10:56:44 NATURAL SOUND FTG. VS PALESTINIAN RUNNING THROWING STONES AT THE ISRAELI SOLDIERS / PALESTINIAN RUNNING AND CARRYING PALESTINIAN FLAG / ISRAELI SOLDIERS FIRING RUBBER BULLETS / IN RAMALLAH -- PALESTINIAN MARCH IN STREET / MAN INJURED / CU INJURED LEG / SHOUTING SLOGANS AGAINST ISRAEL / THROWING STONE / SOLDIERS FIRING RUBBER BULLETS 11:00:49 BREAK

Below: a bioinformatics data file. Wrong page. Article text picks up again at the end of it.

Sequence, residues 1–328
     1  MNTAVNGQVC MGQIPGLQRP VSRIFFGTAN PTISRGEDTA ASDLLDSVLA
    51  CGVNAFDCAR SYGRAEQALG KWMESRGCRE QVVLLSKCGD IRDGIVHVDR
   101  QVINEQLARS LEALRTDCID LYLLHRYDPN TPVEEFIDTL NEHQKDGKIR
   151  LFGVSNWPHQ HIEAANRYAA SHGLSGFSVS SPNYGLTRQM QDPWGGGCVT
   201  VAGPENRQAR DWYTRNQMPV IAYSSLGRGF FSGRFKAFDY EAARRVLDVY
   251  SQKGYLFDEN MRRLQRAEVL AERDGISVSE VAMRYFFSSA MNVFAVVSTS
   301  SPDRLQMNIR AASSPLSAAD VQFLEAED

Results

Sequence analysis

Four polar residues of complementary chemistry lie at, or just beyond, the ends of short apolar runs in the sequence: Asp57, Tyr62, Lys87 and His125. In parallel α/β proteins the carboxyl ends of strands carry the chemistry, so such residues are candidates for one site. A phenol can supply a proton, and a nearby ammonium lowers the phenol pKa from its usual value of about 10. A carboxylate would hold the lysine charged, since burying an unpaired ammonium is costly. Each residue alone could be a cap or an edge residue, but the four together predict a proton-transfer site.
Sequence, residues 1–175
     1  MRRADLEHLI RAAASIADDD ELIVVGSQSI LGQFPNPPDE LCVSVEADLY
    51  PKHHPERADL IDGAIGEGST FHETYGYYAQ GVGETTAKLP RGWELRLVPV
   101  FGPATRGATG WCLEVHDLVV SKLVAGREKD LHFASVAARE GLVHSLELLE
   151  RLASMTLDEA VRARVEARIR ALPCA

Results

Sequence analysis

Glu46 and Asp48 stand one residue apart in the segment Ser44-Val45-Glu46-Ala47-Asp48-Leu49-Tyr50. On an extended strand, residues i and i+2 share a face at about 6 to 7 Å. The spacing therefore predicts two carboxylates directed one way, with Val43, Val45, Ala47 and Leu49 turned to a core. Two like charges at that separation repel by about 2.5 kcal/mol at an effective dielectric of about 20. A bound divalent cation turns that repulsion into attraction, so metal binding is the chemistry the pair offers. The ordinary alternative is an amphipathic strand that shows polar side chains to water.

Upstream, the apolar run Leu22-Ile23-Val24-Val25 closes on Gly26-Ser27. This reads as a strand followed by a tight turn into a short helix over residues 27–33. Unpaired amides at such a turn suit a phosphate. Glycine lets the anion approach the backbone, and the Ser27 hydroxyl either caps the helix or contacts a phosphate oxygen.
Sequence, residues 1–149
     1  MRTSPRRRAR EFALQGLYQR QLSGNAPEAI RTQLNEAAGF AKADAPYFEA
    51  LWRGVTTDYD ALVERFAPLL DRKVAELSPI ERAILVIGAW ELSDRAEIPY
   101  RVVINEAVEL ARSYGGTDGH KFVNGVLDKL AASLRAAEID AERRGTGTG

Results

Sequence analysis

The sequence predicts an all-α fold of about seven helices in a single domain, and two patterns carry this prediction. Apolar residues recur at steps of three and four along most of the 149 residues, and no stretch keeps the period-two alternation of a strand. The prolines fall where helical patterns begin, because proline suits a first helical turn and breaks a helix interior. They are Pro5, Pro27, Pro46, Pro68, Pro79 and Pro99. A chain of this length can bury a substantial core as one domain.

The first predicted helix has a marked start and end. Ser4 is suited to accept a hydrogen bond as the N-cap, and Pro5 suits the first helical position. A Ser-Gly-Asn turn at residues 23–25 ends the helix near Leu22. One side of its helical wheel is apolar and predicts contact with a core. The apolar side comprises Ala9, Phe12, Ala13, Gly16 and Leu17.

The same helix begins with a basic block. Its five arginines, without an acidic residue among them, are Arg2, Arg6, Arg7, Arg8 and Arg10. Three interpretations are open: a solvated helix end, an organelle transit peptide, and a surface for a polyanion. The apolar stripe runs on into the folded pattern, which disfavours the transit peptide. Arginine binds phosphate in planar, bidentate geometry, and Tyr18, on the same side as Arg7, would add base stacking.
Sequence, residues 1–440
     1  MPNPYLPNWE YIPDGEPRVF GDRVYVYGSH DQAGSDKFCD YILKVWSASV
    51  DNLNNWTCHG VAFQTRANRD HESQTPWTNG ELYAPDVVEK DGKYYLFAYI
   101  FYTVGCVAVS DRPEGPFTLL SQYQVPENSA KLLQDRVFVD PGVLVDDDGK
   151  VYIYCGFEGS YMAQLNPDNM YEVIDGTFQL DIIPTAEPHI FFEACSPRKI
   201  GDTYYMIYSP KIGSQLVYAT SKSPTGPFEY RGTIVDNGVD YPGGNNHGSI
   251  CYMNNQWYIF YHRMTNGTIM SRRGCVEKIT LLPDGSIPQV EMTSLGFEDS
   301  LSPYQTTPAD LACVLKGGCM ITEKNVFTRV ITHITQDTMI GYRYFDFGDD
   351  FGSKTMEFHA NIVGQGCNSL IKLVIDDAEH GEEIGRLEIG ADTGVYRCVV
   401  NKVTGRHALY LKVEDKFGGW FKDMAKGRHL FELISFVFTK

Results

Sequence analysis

Interview with Mustafa Abu Sway